In Movie Reviews: 2018 on October 28, 2018 at 3:34 pm

Universal Pictures

Directed by David Gordon Green
2 out of 4 stars

There are spare moments throughout Halloween, the most recent reboot of the classic 1978 horror property written and directed by John Carpenter, that remind viewers of why the original film is still so adored. Watching the ominous serial killer Michael Myers return home to Haddonfield, Illinois to stalk another fresh batch of unsuspecting victims on Halloween night makes for the very best cinematic throwback of the year. Aided by the likes of the unpredictable director David Gordon Green (Pineapple Express) behind the camera – in addition to an original screenplay co-written by Danny McBride (Vice Principals) – Halloween is lent a brand new coat of paint that provides a fresh new sheen following the release of the Rob Zombie led affairs from 2007 and 2009. Trading in Zombie’s penchant for domestic abuse and backwoods socio-pathology for Carpenter’s more reserved flair for unease and paranoia – all of which is aided in no small part by an all-new original score composed by the horror movie music maestro himself – Green’s Halloween  is a welcome change of pace for longtime fans of the series. And considering the famously convoluted mythology and continuity that has plagued the franchise ever since the release of the original Halloween II in 1981, that’s a welcome blessing.

But for all of the nostalgic fondness that the new Halloween holds for a legacy that it largely upholds, Green has turned in a mixed bag of seasonal goodies and treats. The Shape looks effectively aged and leeringly ominous in his slightly altered garb and updated Captain Kirk death mask, but he also moves with an intent of purpose that detracts from the central argument that the characters in the film itself continue to make, namely that Michael Myers is a force of impassive evil. If that were true, then the death count of the film would have been enacted with the same breathless tact that original actor Nick Castle took with character starting in 1978. Instead, Green’s rendition of Myers appears to revel in the goriness of his kills, and makes a decided point of sometimes posing the dead in garish displays to elicit fear in a series of seemingly predetermined victims. And at the head of the pack is Jamie Lee Curtis, back to reprise her role as Laurie Strode and put an end to the evil that began on October 31, 1978 in a climactic showdown that is meant to feel intentional despite the script’s attempts to keep its interrogation of impassive evil intact.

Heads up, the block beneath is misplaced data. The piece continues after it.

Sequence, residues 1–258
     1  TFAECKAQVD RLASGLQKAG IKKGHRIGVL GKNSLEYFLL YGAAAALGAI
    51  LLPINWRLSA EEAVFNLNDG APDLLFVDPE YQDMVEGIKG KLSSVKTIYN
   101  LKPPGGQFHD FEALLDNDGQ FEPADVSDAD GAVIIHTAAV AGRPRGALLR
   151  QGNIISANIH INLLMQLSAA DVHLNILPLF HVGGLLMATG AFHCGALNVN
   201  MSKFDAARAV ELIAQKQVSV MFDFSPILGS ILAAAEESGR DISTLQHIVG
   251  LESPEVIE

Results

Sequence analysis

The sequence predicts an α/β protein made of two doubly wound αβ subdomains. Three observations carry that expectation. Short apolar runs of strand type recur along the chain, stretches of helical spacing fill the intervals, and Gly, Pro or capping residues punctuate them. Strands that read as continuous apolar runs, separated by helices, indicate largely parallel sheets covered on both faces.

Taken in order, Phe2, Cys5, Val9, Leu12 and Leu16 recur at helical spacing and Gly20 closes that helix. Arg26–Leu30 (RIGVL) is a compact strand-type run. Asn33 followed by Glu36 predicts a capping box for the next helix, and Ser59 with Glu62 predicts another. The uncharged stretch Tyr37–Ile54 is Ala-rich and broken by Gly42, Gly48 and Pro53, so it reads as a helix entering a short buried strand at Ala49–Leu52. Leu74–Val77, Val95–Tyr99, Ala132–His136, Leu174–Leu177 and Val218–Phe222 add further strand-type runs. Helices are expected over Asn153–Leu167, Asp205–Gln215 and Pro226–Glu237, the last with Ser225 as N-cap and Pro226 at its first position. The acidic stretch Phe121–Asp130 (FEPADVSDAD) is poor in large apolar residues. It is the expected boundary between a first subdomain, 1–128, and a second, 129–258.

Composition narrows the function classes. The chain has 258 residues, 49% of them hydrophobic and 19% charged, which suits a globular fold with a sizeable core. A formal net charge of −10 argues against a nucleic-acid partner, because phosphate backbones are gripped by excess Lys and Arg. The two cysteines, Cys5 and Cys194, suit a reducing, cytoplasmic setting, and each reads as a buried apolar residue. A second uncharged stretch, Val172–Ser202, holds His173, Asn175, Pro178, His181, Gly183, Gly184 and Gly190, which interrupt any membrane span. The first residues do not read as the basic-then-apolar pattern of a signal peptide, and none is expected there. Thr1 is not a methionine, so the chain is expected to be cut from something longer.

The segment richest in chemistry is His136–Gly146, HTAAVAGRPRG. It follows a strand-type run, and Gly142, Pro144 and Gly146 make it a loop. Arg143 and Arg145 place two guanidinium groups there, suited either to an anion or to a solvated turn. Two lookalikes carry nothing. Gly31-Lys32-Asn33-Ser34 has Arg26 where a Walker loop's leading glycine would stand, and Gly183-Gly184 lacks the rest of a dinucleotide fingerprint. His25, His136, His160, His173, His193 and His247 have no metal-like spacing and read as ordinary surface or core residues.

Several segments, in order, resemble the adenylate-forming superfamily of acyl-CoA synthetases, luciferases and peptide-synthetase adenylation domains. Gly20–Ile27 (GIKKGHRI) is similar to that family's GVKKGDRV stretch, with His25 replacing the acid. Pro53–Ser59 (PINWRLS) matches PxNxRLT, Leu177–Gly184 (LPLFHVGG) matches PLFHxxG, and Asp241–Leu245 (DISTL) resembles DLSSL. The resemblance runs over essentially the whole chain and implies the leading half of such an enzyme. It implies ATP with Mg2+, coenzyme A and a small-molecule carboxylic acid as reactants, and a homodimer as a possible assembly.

It’s fun enough to see a return to form for a series that has undergone so many reincarnations and reboots to comprehensively contemplate in short form. Furthermore, its doubly exciting to see a horror series as old and conventionally put together as Halloween continue to pack theaters and make a killing at the domestic box office over the course of its opening weekend some forty years after it first stalked its way into theaters. Fans of Michael Myers will likely be pleased with what could very well be another unofficial final chapter to the storied saga of The Shape, and the film itself closes with an emotional crescendo and poetic final shot that can’t be beat. The Shape and Laurie Strode continue to duel in a manic manner that thrills and titillates, while playfully paying homage to all of the duels that the two have engaged in in past films before. Carpenter’s seminal horror property has been given the facelift that it deserves, and the health of the franchise couldn’t be better for it.

But in leaving its evil at rest, Green also drags a lot of the good will that his film has going for it through the mud in a few too many moments of morbidity that appear to have bled over from the Rob Zombie directed films. The kills in the new Halloween are grisly and ultra violent, and are obviously meant to elicit excitement in the viewer instead of horror. Comparatively, Carpenter never took much enjoyment from the onscreen violence perpetrated by his movie monster. Instead, his film is marked for its eery atmosphere and haunting presence that continues to linger with viewers, leaving many of us looking over our shoulder on a nippy autumn afternoon stroll after mistaking some rustle of the grass for the presence of The Shape staring with cold intent after us. On that note, here’s to Michael Myers and the past, present, and future of the Halloween franchise.